Why letting go is so hard

How preparing my kids for life is great for them but so hard for me. Breaking up is hard to do.

I can’t remember a time when I didn’t want to learn to drive. It could have been because my Dad drove a race car and I spent many hours watching the major races with him on tv. But I have always wanted to drive and the small town I grew up in was the perfect place to take my first driving lesson. When I was around five years old, my Grandpa would take me and my brother on little test drives. He would allow us to drive down this long straight street which only fueled my designer to get my driver’s license even though I knew it was almost a decade away from becoming a reality.

I think I badgered my parents for months and months before I turned 16 reminding them of my pending eligibility to get my license. So it was no surprise when my son started asking my husband and me to take him to apply for his driver’s learning permit the moment he turned 15.

As his mom I was a little afraid. Sending your first born off in something as powerful as a car took my breath away. But I also understood his desire to drive and remembered that incredible feeling of excitement.

Since my son turned 15 in March right after we were all directed to stay home due to the pandemic, the driver’s license bureau was closed. When it reopened in the summer, there were new rules which meant no walk-ins and appointments had to be scheduled months in advance.

The week before his scheduled appointment in October, I overheard him telling his friends that he was finally going to get this permit. The excitement in his voice won me over and I was now excited for him too.

We stood in line with our documents in hand and I watched as he signed the paperwork for his new license. He smiled as he sat in the chair to take his photo and I could not help but think, “Where did all the time go?” How could this little boy be driving when it seemed like only yesterday that we brought him home in his car seat - yelling at every driver who came too close to our precious cargo.

When we got back into the car, I glanced over as he stared down at his new license with an expression of pure joy.

About a week later, he requested to go out for driving practice. “Sure,” I said. “Let’s go to the neighborhood next door where we can practice stop signs and a few turns before I drop you off at your friends house.”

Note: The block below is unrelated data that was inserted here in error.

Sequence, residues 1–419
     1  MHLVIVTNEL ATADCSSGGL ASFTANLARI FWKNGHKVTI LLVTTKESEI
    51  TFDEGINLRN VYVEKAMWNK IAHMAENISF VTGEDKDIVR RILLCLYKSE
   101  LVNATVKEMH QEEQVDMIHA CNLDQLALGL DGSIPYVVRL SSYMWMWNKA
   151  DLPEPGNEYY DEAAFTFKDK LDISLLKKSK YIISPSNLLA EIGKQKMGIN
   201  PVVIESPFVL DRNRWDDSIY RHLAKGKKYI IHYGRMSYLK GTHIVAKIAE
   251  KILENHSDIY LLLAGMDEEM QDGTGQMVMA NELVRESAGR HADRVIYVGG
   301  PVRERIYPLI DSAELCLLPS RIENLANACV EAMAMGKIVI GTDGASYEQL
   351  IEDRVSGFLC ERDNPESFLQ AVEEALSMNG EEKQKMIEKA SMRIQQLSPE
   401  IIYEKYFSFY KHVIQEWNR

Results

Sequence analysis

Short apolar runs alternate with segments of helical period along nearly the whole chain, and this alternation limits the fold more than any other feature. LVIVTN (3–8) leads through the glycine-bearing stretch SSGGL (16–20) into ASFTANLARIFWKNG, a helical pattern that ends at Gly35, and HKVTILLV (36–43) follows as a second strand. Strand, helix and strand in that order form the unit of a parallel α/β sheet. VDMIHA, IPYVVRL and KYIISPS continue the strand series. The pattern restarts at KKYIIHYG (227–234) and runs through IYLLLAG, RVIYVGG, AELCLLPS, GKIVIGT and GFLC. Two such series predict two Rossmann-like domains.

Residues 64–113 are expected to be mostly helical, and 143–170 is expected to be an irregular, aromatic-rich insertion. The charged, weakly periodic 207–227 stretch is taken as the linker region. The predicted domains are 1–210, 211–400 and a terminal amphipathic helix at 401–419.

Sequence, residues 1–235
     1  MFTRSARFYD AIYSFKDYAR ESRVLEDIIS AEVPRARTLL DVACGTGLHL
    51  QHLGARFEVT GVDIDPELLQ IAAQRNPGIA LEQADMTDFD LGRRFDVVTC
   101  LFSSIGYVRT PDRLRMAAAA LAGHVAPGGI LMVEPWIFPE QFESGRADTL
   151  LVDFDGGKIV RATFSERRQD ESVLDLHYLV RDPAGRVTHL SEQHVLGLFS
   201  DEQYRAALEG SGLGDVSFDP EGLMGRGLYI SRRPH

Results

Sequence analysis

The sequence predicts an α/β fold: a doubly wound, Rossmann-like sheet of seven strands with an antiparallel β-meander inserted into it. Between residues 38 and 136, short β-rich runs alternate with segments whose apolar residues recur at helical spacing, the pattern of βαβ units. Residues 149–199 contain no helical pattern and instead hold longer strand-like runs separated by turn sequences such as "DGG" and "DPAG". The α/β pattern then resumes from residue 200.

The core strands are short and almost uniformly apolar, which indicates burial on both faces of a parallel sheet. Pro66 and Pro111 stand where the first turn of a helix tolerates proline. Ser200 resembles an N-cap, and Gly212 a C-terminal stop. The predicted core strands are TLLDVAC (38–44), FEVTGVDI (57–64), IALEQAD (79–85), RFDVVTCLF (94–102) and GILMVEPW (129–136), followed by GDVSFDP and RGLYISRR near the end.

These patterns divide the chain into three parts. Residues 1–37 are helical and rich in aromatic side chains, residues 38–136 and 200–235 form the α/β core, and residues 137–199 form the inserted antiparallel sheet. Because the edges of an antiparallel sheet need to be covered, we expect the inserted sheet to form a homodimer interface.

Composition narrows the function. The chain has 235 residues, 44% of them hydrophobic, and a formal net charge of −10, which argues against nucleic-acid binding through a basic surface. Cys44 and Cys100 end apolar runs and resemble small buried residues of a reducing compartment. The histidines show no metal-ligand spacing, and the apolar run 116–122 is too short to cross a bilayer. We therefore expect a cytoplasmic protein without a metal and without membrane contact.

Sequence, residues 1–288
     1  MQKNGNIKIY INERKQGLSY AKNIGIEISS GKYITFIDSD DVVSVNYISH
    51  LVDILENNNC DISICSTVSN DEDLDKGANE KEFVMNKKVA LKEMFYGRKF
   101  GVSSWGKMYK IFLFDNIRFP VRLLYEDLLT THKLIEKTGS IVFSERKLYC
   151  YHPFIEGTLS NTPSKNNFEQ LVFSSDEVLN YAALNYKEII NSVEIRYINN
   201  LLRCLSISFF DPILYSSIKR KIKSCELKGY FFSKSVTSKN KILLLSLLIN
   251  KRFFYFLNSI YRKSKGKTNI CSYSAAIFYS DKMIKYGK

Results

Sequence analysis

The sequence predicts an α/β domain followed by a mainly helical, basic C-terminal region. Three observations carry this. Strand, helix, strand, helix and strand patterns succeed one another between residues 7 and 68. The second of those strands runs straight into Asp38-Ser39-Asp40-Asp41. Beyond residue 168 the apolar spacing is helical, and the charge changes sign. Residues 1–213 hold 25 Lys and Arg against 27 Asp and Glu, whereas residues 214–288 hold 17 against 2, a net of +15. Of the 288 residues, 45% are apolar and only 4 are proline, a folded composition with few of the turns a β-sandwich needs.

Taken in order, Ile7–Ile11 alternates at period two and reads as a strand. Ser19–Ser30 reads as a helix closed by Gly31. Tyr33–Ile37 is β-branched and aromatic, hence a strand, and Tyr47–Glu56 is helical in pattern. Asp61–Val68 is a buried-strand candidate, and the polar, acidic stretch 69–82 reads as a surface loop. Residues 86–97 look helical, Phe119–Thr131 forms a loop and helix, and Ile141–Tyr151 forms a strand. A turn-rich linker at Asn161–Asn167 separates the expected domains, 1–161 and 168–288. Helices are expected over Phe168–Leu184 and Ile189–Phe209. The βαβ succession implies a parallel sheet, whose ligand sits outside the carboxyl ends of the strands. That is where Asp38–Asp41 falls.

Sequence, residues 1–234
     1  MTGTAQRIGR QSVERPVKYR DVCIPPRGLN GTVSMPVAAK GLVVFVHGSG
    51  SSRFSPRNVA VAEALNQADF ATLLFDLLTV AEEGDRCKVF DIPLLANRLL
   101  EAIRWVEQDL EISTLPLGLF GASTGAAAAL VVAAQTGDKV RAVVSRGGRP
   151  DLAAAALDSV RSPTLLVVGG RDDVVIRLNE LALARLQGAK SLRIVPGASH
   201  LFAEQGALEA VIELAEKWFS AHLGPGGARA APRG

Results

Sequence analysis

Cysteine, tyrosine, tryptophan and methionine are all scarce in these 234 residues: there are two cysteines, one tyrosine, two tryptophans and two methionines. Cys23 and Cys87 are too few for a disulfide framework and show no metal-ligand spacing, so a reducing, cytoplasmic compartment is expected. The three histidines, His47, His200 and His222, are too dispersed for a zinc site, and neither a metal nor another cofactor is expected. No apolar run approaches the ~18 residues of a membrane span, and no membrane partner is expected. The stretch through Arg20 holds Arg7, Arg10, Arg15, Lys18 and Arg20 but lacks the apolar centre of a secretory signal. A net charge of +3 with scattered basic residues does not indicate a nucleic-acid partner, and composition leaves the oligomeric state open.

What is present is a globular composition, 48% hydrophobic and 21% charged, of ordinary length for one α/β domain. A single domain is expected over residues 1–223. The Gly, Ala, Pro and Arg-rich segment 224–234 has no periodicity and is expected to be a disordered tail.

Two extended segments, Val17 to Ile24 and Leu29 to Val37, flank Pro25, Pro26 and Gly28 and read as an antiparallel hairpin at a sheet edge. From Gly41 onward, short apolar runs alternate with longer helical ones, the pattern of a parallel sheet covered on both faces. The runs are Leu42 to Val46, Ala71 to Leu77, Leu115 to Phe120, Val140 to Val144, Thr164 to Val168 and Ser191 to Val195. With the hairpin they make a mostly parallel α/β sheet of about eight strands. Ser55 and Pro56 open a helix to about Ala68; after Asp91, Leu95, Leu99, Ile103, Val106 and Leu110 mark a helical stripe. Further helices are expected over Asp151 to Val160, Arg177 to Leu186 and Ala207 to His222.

I knew it was time to start letting go. I just didn't know how.

During the practice he did a great job. “You are doing great buddy. Do you want to keep going and drive to your friend’s house?” I asked. “Ok,” he said hesitantly.

We made it there safe and sound physically but I was not great emotionally. When he got out of the car. I waved goodbye, smiled and told him I’d see him tomorrow and then let the lump in my throat go and the tears flow. It was like he had taken a huge step toward independence that I was not prepared for.

I heard someone say that raising children is like the longest breakup ever. You watch them slowly let go of your hand a little bit at time. First it’s walking and talking. Then it’s playdates followed by sleepovers and weekends away. I’m in the final changes with my beautiful boy and I realize that now more than ever. I also knew I needed help mentally making that transition. If you are in the same boat here are some great articles that I found:

  1. Letting go of your teen.

  2. Recognized your son's need for respect series. (FREE and so good!)

I know. My job as his mom is to prepare him for life (at 15 years above and 5 years old below). But no one told me how hard it would be to prepare myself. But he is a great kid and a great student and he’s already a pretty good driver. I know he’ll be ok and eventually, so will I.

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